Egypt’s Mursi to face trial on new charges
Egypt’s Mursi to face trial on new charges

CAIRO : Deposed Egyptian President Mohamed Mursi will face trial on charges of insulting the judiciary, a judicial source said on Sunday, a signal that Egyptian authorities have no intention of easing a crackdown on his Muslim Brotherhood.
This is the fourth court case to face Mursi since he was ousted by the army in July after mass protests against his one-year rule. Mursi and 25 others have been charged with insulting the judiciary, the source said.
Egypt has been stepping up pressure on the Brotherhood, which it has labeled a terrorist organization. It has arrested thousands of its leaders on accusations of violence.
The Brotherhood, once Egypt’s best-organized political and religious movement, which won five consecutive elections, denies any links to violence and accuses the army of staging a military coup.
The former president is due to appear in court on January 28 over a mass jail break in 2011. He also faces charges in connection with the killing of protesters and collaborating with the Islamist Hamas group and with Hezbollah to carry out a terrorist conspiracy against Egypt.
Egypt’s interim government is trying to push through a political plan that would lead to presidential and parliamentary elections this year, with army chief General Abdel Fattah al-Sisi seen as a likely candidate.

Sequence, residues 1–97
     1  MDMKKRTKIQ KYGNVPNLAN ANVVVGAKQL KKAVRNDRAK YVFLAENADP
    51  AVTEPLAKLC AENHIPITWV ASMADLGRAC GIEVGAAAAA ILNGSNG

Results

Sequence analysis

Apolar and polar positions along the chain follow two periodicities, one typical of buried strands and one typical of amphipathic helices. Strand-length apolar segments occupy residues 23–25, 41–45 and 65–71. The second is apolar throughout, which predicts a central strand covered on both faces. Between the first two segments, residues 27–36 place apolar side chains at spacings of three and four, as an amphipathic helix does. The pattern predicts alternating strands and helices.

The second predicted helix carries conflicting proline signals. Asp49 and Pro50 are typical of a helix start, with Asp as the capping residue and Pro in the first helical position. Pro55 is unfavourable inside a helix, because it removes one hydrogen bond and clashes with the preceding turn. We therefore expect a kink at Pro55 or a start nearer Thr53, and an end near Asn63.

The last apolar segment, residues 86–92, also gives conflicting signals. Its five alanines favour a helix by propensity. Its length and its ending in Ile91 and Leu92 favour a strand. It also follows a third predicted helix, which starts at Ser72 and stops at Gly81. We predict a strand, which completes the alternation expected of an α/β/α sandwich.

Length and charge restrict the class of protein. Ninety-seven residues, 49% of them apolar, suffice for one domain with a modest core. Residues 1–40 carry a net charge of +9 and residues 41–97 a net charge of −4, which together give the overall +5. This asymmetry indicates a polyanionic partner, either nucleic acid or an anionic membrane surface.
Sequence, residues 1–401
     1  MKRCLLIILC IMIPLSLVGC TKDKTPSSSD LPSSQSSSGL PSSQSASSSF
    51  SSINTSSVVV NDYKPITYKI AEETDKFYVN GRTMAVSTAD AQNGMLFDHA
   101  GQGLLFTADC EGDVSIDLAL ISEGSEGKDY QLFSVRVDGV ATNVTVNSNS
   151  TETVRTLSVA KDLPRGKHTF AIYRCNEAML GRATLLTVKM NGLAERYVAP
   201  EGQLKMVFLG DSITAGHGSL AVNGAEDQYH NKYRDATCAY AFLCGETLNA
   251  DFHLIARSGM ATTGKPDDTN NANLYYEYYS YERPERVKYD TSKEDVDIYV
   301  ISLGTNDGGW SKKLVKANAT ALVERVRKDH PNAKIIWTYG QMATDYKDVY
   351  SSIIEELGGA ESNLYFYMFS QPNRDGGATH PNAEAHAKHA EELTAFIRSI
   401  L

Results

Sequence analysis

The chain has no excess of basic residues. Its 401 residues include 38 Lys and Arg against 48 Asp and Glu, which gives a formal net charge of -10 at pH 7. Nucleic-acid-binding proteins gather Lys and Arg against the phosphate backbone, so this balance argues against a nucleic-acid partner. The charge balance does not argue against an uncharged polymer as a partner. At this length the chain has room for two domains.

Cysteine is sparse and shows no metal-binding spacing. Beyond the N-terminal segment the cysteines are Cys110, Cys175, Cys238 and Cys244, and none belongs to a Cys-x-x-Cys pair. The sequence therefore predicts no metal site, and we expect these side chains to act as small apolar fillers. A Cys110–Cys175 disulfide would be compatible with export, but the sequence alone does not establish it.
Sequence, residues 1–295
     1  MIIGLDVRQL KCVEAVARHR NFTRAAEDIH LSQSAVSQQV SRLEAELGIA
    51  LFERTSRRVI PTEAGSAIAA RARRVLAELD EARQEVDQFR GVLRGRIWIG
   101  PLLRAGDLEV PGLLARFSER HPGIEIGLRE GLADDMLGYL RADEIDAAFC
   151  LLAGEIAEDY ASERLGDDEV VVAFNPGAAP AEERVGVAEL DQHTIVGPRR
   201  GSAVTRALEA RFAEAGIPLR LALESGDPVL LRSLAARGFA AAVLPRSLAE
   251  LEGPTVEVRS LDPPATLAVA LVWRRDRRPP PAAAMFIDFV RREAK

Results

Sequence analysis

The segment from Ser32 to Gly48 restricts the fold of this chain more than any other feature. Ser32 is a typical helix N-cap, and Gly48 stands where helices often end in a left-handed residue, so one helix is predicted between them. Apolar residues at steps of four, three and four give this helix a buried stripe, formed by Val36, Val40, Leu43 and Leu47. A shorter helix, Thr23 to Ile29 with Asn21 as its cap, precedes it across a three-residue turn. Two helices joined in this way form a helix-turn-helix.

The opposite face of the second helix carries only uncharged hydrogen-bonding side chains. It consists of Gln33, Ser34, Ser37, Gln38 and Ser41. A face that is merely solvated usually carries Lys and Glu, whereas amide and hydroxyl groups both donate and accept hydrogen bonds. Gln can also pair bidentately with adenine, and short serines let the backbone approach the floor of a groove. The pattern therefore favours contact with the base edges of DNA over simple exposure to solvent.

On Saturday, Egyptians passed a new constitution by a majority of 98.1 percent in a referendum boycotted by the Brotherhood.
The approval of Egypt’s constitution bolsters the powerful army chief but a large number of youths who helped topple two presidents within three years shunned the vote on the new charter.
Egyptian voters have approved the Tuesday-Wednesday referendum by 98.1 percent, officials announced Saturday, and the results are seen as nod to General Abdel Fattah al-Sisi to run for president.
Sisi led the overthrow of Islamist president Mohamed Morsi in July following massive protests against his one year-rule, which came after a popular uprising in 2011 toppled his predecessor Hosni Mubarak.
Youth movements at the forefront of protests that ended the rules of Morsi and Mubarak hardly objected when the military-installed authorities launched a deadly crackdown on Morsi’s supporters.
Nor did they object when his Muslim Brotherhood movement was banned and designated a “terrorist” organisation.

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